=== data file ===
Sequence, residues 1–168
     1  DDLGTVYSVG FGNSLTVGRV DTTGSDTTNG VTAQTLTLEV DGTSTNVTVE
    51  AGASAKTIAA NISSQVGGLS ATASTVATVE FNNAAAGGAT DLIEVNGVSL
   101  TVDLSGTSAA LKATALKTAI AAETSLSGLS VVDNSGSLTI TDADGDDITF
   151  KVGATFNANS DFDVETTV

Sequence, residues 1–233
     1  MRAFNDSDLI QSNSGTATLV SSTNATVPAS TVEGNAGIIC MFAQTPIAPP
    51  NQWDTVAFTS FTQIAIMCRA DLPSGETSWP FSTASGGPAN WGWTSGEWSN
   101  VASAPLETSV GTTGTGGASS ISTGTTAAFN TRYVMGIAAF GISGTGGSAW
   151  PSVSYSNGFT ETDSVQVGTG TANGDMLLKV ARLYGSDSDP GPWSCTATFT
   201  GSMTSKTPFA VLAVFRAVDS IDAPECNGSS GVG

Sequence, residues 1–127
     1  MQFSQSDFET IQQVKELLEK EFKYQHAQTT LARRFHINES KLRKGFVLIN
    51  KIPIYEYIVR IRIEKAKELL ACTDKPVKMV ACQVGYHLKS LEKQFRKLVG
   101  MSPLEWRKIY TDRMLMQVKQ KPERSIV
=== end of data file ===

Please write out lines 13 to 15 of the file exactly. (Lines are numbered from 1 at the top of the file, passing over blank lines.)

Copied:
     1  MQFSQSDFET IQQVKELLEK EFKYQHAQTT LARRFHINES KLRKGFVLIN
    51  KIPIYEYIVR IRIEKAKELL ACTDKPVKMV ACQVGYHLKS LEKQFRKLVG
   101  MSPLEWRKIY TDRMLMQVKQ KPERSIV